Brief Fact Summary. Feeling thatthe Securities and Exchange Commission (SEC) was reporting rules differently than what they were, Dixon (Defendant), manipulated particular accounts so that they were compatible with what he believed were legal standards.
Synopsis of Rule of Law. Once a defendant unsuccessfully manipulates accounts to meet standards of legality, then the intent component of a criminal securities law violationhas been met.
A person can willfully violate an SEC rule even if he does not know of its existence.View Full Point of Law
Issue. Once a defendant unsuccessfully manipulates accounts to meet standards of legality, then has the intent component of a criminal securities law violation been met?
Held. (Friendly, J.) Yes.Once a defendant unsuccessfully manipulates accounts to meet standards of legality, then the intent component of a criminal securities law violation has been met. As provided by Section 32(a) of the 1934 Act, if he can demonstrate that he had no knowledge of the law or regulation, no one shall be imprisoned for violation of a securities law. In this case, Dixon contends that he has not met the intent standard of Â§ 32(a) because he tried to meet what he thought was the legal standard, which is not correct.Â In stating that he tried to meet his incorrect view of the requirement proves that he was cognizant of the pertinent regulation, and his attempt at â€œcooking the booksâ€ shows an awareness that he was not being genuine, which also is satisfactory to meet the component of intent of Â§ 32(a).Affirmed.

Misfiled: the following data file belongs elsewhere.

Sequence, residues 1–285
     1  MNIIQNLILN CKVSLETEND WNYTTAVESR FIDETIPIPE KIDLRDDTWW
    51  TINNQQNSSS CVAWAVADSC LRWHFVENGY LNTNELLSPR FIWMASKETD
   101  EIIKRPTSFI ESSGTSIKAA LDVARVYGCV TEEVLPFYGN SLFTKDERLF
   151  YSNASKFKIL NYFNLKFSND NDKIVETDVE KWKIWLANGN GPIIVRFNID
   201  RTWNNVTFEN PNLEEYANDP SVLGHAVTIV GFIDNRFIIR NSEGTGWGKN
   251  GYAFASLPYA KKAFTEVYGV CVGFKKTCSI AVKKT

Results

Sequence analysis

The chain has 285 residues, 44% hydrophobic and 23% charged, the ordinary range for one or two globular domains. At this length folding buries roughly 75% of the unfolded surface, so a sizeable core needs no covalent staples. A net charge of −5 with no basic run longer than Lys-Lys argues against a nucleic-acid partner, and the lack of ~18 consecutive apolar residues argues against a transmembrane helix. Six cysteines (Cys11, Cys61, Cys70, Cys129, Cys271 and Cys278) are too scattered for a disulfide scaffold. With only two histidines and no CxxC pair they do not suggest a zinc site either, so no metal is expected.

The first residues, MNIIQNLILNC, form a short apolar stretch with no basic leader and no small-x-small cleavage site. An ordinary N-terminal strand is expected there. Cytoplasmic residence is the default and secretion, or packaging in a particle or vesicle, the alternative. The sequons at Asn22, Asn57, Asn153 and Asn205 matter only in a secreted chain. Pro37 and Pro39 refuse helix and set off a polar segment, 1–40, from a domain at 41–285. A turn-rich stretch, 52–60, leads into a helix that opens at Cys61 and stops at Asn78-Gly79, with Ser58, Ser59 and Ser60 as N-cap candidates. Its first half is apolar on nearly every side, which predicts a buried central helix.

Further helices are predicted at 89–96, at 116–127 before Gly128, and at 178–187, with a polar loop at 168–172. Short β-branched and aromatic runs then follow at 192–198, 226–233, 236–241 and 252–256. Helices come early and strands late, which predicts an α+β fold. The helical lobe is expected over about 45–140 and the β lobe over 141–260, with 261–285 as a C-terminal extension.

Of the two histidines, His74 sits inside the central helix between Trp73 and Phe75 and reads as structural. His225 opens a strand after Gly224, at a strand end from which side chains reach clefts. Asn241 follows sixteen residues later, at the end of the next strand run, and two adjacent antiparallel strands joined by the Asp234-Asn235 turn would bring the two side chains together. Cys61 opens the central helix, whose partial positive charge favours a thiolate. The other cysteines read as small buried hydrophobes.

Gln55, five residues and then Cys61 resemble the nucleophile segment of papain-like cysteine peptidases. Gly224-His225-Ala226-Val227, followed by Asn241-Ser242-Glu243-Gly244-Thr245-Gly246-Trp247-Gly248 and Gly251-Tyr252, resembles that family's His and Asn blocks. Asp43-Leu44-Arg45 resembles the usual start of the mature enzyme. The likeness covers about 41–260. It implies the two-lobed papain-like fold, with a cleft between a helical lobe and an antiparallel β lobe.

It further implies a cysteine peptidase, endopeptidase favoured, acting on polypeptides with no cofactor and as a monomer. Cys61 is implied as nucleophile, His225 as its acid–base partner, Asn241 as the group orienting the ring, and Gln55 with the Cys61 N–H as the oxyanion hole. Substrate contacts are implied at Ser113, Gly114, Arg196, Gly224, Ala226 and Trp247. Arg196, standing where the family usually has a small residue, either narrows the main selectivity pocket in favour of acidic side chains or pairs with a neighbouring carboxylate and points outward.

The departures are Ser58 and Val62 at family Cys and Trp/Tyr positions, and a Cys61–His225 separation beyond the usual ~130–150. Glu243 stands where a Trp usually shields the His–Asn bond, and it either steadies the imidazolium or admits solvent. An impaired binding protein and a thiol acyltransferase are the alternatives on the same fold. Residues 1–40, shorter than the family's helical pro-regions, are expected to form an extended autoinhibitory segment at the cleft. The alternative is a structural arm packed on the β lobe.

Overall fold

Discussion. An offender is not absolved of criminal liability by Section 32(a), it simply offers that a defendant cannot be imprisoned if he is not cognizant of the rule or law he violates.Â The applicable effect is that a guilty defendant will still be looking at a hefty fine even though he is spared prison time.